Calibrating weights across variable widths

I'm working on variable Inconsolata, and have run into what seems to me a rather deep question about how to calibrate the axes. Basically, I'd like to make it so different widths with the same weight mix smoothly together, but I'm finding it depends on what I mean by "mix."

If I want to put letters of different widths together in the same word, then the most seamless mix has the stem weight roughly the same (possibly slightly lighter in condensed weights). But then the "color" of the condensed weight is considerably darker than the expanded.

Conversely, if I want to make the color roughly equal, then I find the stem widths need to be a lot thinner in the condensed weights, and glyphs look mismatched right next to each other.

My prototype font is in the two_axes2 branch of the Inconsolata repo, with currently only a handful of glyphs populated across all nine masters (three each for width and weight).

How do people resolve this? I have an extra constraint that I'm monospace, but I feel like I've got that pretty much in hand, at least across the weight range for the normal width.

I can provide images if it's not clear from the text above.


  • Craig Eliason
    How do people resolve this? 
    By fudging between the solutions.
  • Thomas Phinney
    Great question!

    In our current variable font project, I am simply going with keeping numeric weight constant. Doing otherwise would be especially tricky given the contrast axis in the typeface.

    However, given sufficient lead time and a less extreme project, I would be inclined to make it visually consistent, rather than numerically consistent—at least as much as possible.
  • John Hudson
    John Hudson Posts: 3,036

    The model of Weight and Width axes as registered in the OT font variations spec are what I call 'optical' axes*, as distinct from parametric axes.

    In a parametric design space, one would control weight and width (and other proportional aspects of the design) independently of each other, so changes to weight would have no impact on advance width, and changes to advance width would have no impact on stem weight. [In reality, there's usually some optical weight fudging employed e.g. for diagonals and arches in parametric width axes: I've yet to see what I would consider a purely parametric design space.]

    In the optical design space — i.e. the optical axis interaction space, which could be derived from an underlying parametric design space — what matters is the intent that the designer has regarding what the user/reader will see. In other words, your question is a design question, and the answer is going to vary depending on the nature of the typeface, your instincts as a designer, and your understanding of what your users might expect or prefer.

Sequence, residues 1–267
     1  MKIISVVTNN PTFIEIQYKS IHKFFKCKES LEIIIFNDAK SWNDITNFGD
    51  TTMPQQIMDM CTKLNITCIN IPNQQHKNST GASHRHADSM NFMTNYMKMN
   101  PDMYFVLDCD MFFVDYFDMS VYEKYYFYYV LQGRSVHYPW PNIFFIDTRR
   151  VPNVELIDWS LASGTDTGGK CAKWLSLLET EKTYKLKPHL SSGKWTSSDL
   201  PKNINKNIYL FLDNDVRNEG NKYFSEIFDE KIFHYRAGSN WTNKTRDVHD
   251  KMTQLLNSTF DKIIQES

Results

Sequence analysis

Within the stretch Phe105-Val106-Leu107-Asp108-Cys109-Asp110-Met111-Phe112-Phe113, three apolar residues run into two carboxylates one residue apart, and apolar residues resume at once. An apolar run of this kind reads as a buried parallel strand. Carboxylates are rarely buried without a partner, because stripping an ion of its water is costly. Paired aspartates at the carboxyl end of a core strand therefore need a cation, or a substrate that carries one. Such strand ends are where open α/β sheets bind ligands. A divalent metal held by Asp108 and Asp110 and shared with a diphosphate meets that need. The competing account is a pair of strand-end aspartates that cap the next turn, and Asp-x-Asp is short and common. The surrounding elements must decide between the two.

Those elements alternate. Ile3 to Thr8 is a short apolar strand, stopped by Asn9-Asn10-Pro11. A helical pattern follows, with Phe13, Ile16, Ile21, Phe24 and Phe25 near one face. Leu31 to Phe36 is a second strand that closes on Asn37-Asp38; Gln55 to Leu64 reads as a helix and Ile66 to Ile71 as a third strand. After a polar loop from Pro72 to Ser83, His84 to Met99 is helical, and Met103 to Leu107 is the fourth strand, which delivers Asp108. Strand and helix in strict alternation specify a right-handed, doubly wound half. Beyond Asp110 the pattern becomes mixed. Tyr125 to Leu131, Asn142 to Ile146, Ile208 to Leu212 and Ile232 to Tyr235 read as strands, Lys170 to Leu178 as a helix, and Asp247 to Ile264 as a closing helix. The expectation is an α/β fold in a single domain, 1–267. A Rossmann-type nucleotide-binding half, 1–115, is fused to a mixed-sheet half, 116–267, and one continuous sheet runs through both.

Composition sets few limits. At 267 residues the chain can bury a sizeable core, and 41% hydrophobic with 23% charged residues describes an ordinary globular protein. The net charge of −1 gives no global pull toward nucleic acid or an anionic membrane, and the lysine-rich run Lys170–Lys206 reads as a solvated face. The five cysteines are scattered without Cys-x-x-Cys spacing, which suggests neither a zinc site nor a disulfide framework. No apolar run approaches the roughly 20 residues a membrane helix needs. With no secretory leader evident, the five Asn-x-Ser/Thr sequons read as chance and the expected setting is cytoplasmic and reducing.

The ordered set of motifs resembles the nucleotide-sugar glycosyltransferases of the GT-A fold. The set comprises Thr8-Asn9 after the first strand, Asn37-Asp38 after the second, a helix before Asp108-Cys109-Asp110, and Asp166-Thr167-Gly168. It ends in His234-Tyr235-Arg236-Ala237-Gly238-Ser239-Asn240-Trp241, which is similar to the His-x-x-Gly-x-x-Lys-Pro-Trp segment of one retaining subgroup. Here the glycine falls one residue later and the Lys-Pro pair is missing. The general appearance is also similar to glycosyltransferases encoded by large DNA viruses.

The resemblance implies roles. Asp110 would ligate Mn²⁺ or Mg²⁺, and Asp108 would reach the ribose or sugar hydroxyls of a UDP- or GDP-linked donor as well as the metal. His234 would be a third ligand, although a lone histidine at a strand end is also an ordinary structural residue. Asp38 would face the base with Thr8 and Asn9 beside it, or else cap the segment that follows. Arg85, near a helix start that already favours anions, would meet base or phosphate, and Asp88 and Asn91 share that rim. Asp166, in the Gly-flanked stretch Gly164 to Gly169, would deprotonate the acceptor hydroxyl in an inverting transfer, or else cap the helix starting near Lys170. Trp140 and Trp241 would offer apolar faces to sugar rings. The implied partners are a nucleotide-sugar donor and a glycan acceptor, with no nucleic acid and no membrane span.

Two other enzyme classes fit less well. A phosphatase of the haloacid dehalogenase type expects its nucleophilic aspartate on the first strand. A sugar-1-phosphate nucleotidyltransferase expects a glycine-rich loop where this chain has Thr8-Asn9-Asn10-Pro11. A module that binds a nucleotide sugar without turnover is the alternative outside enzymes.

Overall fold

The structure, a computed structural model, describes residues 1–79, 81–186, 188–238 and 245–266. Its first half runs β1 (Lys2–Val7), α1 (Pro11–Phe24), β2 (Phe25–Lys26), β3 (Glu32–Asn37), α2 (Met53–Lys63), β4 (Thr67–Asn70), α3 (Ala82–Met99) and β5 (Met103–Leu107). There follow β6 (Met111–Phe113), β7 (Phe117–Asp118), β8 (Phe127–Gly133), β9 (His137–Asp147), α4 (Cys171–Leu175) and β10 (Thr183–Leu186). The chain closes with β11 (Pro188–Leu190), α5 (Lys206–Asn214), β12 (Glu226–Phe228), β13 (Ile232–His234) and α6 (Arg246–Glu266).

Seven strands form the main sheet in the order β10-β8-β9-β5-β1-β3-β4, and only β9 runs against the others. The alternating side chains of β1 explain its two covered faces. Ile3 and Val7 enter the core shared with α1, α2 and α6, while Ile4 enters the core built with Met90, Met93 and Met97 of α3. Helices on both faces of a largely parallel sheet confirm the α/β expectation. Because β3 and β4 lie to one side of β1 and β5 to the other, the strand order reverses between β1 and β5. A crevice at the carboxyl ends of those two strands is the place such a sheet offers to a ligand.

I'll also say that one answer to the design question is that a font might contain multiple weight and width interaction models, but we don't currently have (registered) ways to do that which would be interoperably useful.

    * It's not a great terminology, but is the best I've come up with. @Dave Crossland prefers to talk about user-facing and hidden axes, which fits the UI flag model for axes; other terms encountered include higher level and lower level axes. My use of 'optical' derives from the Optical Size axis, in which this aspect of the axis design is explicit in the name. The Weight and Width axes are also optical in this sense.
  • John Hudson
    John Hudson Posts: 3,036
    I've yet to see what I would consider a purely parametric design space.

    I should add that I'm not sure a purely parametric design space — i.e. one in which x- and y-direction parametric axes only affect, respecively, x- and y-direction point point or metrics movement — would actually be useful, since type design — even parametric type design — is inherently optical.
  • Jacques Le Bailly
    @Raph Levien I am working on Nunito Sans at the moment together with some other designers. One of the axis is width.

    We tried to equalize the basic color between the different widths. Other that what you are opting for, to combine different weights within one word, we opted for combining text like paragraphs etc. 

    If you are interested you can find the thread on the width axis here:!topic/googlefonts-discuss/tFCoekpwBs8